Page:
@StateDept Marks Third Smedinghoff Death Anniversary, Internal Investigation Still Remains Classified

Posted: 9:35 pm PT
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Via state.gov/DPB:

In fact, today, April 6th, marks the third anniversary of the death of Anne Smedinghoff, a bright, rising star in the Foreign Service who was taken away from her family, her friends, and the department in an attack that took place three years ago in Zabul Province, Afghanistan. Anne was 25 years old and on her second tour as an FSO, Foreign Service officer, serving as a press officer at the U.S. Embassy in Kabul. In Secretary Kerry’s words at the time, Anne was a, quote, “vivacious, smart, and capable individual,” end quote. And as he wrote in a note that went out to all State Department employees at the time – well, shortly after that tragic event he wrote, “that no one anywhere should forget for a minute that the work of our diplomats is hard and hazardous or that as you serve” – you being the diplomats – “serve on the frontlines in the world’s most dangerous places, you put the interest of our country and those of our allies and partners ahead of your own safety,” end quote.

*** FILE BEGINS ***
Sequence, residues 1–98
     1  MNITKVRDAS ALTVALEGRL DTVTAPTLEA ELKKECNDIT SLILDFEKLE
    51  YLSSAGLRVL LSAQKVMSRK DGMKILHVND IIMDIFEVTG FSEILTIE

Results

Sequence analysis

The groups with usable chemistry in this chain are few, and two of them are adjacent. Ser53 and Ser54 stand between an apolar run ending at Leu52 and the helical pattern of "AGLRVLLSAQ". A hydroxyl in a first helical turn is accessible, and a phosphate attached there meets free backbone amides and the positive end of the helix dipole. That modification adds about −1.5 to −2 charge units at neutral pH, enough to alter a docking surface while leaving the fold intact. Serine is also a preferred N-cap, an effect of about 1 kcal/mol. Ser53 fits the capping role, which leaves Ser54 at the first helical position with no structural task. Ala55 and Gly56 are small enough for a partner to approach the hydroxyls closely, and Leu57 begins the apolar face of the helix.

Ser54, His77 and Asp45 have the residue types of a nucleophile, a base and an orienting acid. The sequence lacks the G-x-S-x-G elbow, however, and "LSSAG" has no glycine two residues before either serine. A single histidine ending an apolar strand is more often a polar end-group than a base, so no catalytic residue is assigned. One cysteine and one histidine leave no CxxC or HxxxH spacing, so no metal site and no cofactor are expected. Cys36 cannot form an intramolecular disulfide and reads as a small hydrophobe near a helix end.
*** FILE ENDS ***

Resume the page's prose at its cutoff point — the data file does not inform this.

We would also pay tribute, obviously, to the memories of the three U.S. soldiers as well as an Afghan American translator and an Afghan doctor who were also lost on that tragic day, as well as to those who were injured in that incident. We honor their memories and their service to the United States and Afghanistan.

Last year, there was this:

Then a couple of weeks ago: